In January 2021, Black Femme Collective asked Black Queer Femmes a few simple questions:
What personal acts of rebellion still linger on your tongue?
Whose fragrance makes you salivate?
When did your taste for freedom overwhelm the thirst for safety?
How do you want to be consumed, devoured, tasted?
We provided a few simple definitions:
1. the sensation of flavor perceived in the mouth and throat on contact with a substance.
2. the ability to discern what is of good quality or of a high aesthetic standard.
v. To have the experience of.
We hoped that our questions and definitions would provoke self-curiosity, -excavation, -celebration. This container reflects Black Queer Femmes authentic and lived experiences correlating to one or more of the questions and definitions above. It centers our stories, our histories, our lives. Enjoy, TASTE!
Almah LaVon Rice was born and raised near the Ohio River and now lives at its headwaters. Her work has appeared in Colorlines, Lambda Literary Report, Tomboyz Quarterly, Washington Blade, The Feminist Wire, Color Bloq, Xtra Magazine, Oh Reader Magazine, Airbnb Online Magazine, and GUTS: A Canadian Feminist Magazine, among numerous other publications. Her writing has also been published in the Lambda Literary Award-winning does your mama know?: An Anthology of Black Lesbian Coming Out Stories (revised edition); Queer Magic: Power Beyond Boundaries; Solace: Writing, Refuge, and LGBTQ Women of Color; and Black to the Future: A Collection of Black Speculative Writing. Her fiction is forthcoming in Unfettered Hexes: Queer Tales of Insatiable Darkness.
Camille Colpits is a Black-mixed Mama, southern-born, queer-fem writer who recently returned to the Southwestern Desert. She spent her teenage years in the Netherlands and lived in the San Francisco Bay Area for over 13 years. Her writing focuses on living through trauma, navigating wellness, intersecting identities, motherhood, and love. At her MFA program at Goddard College, she is nearing completion on her memoir–a testimonial of love, written for her son after a cancer diagnosis. Writing from both non-fiction and poetry works can be found in The Electric Rail Literary Magazine, Mixed Mag, Variety Pack, and more. She loves laundromats, excessive napping, Andes mints, and seeing people in real life. Find her exclaiming things on IG & Twitter @ofwafflesandmen.
Sunah Nash is an 18-year-old writer from Newark, New Jersey. She is a lover of stories, whose proudest writing accomplishment is receiving a 100% mark from the toughest undergrad literature professor of all time. (She’s deadass). She writes essays, fiction, and poetry and believes moments and feelings have souls, and a writer’s job is to listen and translate them into words. Sunah is an active writer in her local arts community and a member of the Black Girl Magic Writing Fellowship with Urban Word NYC. She studied Black history and developed her craft for four years at the Schomburg Center for Research in Black Culture in New York as a part of the Junior Scholars Program. Sunah is a sophomore in college and plans to double major in Fine Arts and Anthropology when she transfers schools in 2022.
Layla Benitez-James is a translator and editor based in Alicante whose essays have appeared in Tenderly Mag, EuropeNow Journal and Asymptote Journal. Poems are forthcoming in Virginia Quarterly Review and Bennington Review, and translations and poems have appeared in Latino Book Review, Poetry London, The London Magazine, The Acentos Review, Hinchas de Poesia, Guernica, Waxwing, and elsewhere. Her audio essays about translation can be found at Asymptote Journal Podcast. Her first chapbook, God Suspected My Heart Was a Geode But He Had to Make Sure was selected by Major Jackson for Cave Canem’s 2017 Toi Derricotte & Cornelius Eady Chapbook Prize and published by Jai-Alai Books in Miami.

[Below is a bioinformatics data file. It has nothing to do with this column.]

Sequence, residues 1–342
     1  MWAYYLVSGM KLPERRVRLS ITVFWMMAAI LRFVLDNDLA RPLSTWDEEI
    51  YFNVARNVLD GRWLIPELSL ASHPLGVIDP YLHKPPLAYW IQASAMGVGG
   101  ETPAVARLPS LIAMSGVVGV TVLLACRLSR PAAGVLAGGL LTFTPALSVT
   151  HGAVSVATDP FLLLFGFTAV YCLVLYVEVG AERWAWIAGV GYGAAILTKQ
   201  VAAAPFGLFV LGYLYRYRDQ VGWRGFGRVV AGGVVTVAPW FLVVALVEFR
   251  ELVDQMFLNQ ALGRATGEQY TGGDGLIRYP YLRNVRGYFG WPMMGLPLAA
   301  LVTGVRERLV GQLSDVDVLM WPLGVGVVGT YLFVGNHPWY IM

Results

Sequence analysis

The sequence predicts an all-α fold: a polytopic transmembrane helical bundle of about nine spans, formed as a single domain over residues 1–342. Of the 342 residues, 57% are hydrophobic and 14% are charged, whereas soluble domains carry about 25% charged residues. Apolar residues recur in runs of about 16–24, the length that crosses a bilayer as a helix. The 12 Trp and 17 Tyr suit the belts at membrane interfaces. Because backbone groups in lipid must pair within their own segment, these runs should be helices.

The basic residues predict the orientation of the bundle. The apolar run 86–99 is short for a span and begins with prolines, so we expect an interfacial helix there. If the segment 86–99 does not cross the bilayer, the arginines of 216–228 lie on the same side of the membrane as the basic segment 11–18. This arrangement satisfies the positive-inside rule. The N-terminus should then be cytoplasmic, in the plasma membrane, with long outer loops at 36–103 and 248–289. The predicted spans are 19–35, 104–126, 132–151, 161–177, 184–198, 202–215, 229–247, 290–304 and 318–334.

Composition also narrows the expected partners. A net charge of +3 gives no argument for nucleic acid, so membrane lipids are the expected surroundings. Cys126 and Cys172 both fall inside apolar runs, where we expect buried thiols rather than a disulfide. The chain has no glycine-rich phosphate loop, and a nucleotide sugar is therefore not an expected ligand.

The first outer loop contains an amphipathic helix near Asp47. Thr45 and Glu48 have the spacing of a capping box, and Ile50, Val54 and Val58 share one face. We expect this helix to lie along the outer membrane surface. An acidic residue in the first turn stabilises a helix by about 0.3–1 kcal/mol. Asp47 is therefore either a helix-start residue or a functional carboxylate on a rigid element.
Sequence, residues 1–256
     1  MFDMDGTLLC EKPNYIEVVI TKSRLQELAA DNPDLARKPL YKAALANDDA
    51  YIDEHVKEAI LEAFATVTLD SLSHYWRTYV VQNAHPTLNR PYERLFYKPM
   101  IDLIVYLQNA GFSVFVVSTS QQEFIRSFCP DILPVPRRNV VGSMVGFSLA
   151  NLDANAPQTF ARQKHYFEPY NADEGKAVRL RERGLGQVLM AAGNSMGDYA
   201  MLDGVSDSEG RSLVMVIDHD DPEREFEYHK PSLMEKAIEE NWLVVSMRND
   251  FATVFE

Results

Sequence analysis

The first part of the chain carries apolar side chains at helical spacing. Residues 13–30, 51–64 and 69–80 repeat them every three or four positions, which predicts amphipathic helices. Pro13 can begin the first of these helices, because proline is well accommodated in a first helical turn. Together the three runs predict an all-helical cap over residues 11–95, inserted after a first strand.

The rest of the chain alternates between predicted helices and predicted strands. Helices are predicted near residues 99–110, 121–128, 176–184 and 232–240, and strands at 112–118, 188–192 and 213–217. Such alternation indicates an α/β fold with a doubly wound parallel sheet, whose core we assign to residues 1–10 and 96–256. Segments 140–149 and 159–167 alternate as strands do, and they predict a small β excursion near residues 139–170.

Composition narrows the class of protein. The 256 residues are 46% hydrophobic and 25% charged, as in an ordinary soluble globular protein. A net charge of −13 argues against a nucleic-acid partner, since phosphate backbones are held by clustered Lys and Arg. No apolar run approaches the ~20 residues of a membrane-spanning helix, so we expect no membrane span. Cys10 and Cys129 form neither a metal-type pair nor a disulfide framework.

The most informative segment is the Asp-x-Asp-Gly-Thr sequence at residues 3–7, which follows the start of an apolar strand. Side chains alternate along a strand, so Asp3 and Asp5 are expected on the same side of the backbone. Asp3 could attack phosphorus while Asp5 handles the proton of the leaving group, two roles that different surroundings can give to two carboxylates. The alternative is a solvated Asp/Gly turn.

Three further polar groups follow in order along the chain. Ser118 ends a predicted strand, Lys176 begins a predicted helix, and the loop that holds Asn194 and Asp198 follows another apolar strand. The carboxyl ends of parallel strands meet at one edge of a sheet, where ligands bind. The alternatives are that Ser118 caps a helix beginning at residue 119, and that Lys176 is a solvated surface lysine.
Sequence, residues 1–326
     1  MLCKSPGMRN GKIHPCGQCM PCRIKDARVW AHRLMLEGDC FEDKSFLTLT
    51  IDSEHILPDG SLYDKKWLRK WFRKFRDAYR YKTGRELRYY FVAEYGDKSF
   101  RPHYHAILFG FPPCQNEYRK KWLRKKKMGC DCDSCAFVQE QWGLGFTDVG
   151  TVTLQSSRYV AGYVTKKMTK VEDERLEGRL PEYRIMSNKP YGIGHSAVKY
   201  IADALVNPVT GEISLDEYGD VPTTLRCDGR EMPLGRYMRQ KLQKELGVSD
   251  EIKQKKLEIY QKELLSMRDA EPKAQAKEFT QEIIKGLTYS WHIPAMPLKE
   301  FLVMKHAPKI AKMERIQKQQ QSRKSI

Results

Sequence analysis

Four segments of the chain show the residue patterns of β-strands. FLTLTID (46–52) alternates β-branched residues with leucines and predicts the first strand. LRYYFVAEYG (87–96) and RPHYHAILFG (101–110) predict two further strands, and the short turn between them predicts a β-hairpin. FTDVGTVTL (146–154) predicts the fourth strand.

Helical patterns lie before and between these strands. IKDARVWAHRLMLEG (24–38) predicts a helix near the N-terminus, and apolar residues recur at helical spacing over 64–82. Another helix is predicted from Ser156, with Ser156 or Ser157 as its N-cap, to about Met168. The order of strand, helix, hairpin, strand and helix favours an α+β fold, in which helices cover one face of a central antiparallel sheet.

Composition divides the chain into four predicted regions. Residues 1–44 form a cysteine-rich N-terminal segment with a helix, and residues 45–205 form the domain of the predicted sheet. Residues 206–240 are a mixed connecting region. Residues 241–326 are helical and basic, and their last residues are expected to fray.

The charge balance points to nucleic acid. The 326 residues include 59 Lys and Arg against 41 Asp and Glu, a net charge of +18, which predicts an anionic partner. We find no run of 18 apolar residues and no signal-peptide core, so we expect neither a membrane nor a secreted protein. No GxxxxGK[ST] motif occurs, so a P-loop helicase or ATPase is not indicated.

Taneasha White is a Black, Queer lover of words, inquisition, and community, and has used her role within both literary and organizational spaces to make room for folks who are often cast aside. She is the Founder and Editor of UnSung Literary Magazine, a flash fiction and poetry publication focused on offering artistic space for marginalized voices, a guest editor with Quail Bell Magazine, and she also co-hosts a podcast, Critiques for The Culture, where media is dissected through humor and a socio-political lens. You can find pieces of Taneasha’s in Prism, Well + Good, Rewire. News, Black Youth Project, them., and more.
Briana Ladwig is a Black, queer, mama illustrator based in Lawrence, Kansas whose work centers around Black Liberation, decolonizing storytelling, generational healing, and afrofuturism. She grew up learning to draw on the floor of her dad’s art studio, receiving a natural education from closely watching his work as a master book illustrator. She now draws inspiration from the cycle-breaking work of her ancestors and Black speculative fiction, especially the works of Octavia Butler. Bri’s favorite medium is lush, textured watercolors under detailed pen lines. Bri is currently working on an illustration/design degree at the KU while doing freelance illustration work from home.
Jasmine Holmes, BFA, MFA, is an artist who creates drawings through a variety of media. With subtle line work and minimalistic approach to color theory, she creates work that invokes feelings of uneasiness within the viewer. These works are inspired by consumerist culture and its appetite for devouring the colored body. With an emphasis on the Black figure she draws from social constructs, such as race, class, and creed, in order to bring forth an image that both disturbs the viewer and procures contemplation. Her artworks are often about personal contact with Eurocentrism and its effects on the marginalized psyche. The human figure is the centerpiece, taking up space and showcasing a performance of multilayered hyper-visibility within spaces that often marginalize them.